Tuesday Nov. 27, 2007
Here is an optional assignment that you
can download, print, and turn in at the beginning of class on
Tuesday. You'll find the answers to the questions in the notes
below and in the text (Ch. 10 pps 277-282).
is the topic today. Lighning is usually produced by thunderstorms.
A typical summer thunderstorm in Tucson. Remember that
even in the summer
a large part of the middle of the middle of the cloud is found at below
freezing temperatures and contains a mixture of super cooled water
droplets and ice crystals. This is where the ice crystal process
of precipitation formation operatures and is also where electrical
charge is created.
Collisions between precipitation particles produces the
electrical charge needed
When temperatures are below -15 C, graupel becomes negatively charged
after colliding with a snow crystal. The snow crystal is
positively charged and is carried up toward the top of the cloud by the
updraft winds. At temperature warmer than -15 (but still below
freezing), the charging is reversed. Large positive and negative
charge centers begin to build up inside the cloud. When the
electrical attrative forces between these charge centers gets
high enough lightning occurs.
lightning (2/3) stays inside the cloud and travels between the main
charge center near the top of the cloud and a large layer of negative
charge in the middle of the cloud; this is intracloud lightning.
About 1/3 of all lightning
flashes strike the ground. These are called cloud-to-ground
A couple of interesting things that can happen at the ground when the
electrical forces get high enough. Attraction between positive
charge in the ground and the layer of negative charge in the cloud can
become strong enough that a person's hair will literally stand on end
(a dangerous situation to be in). St. Elmo's fire is a faint
electrical discharge that sometimes develops at the tops of elevated
objects during thundestorms.
Most cloud to ground discharges begin with a negatively
downward moving stepped leader. It makes its way down toward the
cloud in 50 m jumps that occur every 50 millionths of a second or
so. Every jump produces a short flash of light. An upward
discharge is initiated when the stepped leader nears the ground.
A powerful return stroke travels back up the channel (and out into all
the branches) once the upward discharge and the stepped leader
meet. These three steps are shown in additional detail below.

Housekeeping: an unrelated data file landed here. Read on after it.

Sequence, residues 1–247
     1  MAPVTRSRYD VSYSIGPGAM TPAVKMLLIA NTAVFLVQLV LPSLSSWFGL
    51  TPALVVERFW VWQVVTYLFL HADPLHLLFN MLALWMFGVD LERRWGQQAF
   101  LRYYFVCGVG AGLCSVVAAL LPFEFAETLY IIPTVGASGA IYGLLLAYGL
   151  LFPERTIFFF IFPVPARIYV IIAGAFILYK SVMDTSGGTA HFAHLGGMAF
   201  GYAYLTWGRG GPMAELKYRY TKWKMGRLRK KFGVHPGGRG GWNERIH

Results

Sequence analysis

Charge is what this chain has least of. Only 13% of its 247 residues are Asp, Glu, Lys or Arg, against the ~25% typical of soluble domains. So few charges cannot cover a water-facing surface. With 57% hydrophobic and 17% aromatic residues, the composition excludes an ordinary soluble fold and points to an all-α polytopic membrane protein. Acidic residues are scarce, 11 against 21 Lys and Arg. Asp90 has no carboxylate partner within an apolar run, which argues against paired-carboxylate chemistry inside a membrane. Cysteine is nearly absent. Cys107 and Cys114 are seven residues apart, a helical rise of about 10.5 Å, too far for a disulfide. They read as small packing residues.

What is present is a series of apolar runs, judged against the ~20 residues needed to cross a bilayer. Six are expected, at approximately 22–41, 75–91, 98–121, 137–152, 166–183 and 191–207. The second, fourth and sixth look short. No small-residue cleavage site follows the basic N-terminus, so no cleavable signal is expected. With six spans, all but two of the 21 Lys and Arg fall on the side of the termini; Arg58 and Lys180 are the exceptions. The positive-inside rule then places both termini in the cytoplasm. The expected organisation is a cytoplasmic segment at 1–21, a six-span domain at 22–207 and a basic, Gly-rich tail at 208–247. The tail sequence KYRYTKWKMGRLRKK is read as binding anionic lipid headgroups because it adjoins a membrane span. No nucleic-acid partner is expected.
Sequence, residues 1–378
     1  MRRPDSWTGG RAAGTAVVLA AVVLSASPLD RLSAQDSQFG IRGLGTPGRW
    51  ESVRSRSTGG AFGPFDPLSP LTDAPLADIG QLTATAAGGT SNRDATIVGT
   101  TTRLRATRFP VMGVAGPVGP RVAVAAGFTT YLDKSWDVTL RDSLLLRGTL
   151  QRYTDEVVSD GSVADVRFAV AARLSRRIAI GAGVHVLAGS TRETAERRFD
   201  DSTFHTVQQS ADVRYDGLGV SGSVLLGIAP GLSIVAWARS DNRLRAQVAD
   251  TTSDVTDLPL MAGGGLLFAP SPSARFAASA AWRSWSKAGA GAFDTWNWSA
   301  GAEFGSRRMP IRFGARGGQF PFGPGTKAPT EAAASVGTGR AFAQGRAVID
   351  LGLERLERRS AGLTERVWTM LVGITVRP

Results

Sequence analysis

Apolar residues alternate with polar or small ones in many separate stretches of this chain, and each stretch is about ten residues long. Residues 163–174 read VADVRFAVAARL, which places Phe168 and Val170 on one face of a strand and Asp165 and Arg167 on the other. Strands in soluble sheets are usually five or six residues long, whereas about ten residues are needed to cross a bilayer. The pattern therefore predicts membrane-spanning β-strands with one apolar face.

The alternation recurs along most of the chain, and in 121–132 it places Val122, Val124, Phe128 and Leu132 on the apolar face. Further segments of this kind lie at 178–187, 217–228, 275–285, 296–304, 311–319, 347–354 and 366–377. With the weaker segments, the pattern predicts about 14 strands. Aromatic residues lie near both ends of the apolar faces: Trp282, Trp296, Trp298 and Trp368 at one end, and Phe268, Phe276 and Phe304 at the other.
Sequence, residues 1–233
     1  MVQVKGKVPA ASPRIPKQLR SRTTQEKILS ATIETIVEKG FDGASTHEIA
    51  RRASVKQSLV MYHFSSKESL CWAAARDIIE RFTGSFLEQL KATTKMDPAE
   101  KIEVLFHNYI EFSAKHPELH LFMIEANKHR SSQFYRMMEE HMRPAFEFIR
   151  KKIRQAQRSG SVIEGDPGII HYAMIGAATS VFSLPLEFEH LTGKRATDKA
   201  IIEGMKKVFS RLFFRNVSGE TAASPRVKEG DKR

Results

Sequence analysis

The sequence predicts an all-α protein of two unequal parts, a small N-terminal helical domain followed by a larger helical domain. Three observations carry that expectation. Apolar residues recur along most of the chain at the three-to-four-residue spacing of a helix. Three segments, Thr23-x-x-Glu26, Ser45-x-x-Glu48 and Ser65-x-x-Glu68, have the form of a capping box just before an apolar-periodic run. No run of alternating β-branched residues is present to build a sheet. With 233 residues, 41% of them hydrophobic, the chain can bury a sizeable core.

A sequence of stepped leader steps,
positively charged upward discharges begin to travel upward from the
of these will eventually intercept the stepped leader.
is what determines what will be struck by the lightning.
Lightning doesn't really know what it will strike until it gets close
to the ground. Lightning rods take advantage of this principle.
Houses with and without lightning rods are shown
above. When lightning strikes the house without a lightning rod
the powerful return stroke travels into the house destroying the TV and
possibly starting the house on fire.
A lightning rod is supposed to intercept the stepped leader and safely
carry the lightning current around the house and into the ground.
connection between the stepped leader and the upward discharge creates
a "short circuit" between the charge in the cloud and the charge in the
ground. A powerful current travels back up the channel from the
ground toward the cloud. This is the return stroke. Large
currents (typically 30,000 amps in the first return stroke) heat the
air to around 30,000K (5 times hotter than the
surface of the sun) which causes the air to explode. When you
hear thunder, you are hearing the sound produced by this explosion.
Stepped leader - upward connecting discharge - return stroke
Many cloud-to-ground flashes end at this point.
In about 50% of cloud to ground discharges,
the stepped leader-upward
discharge-return stroke sequence repeats itself with a few subtle
differences. A downward dart leader travels from the cloud to the
ground. The dart leader doesn't step but travels smoothly and follows
the channel created by the stepped leader (avoiding the
branches). It is followed by a slightly less powerful subsequent
return stroke that travels back up the channel to the cloud.
A normal still photograph would capture the separate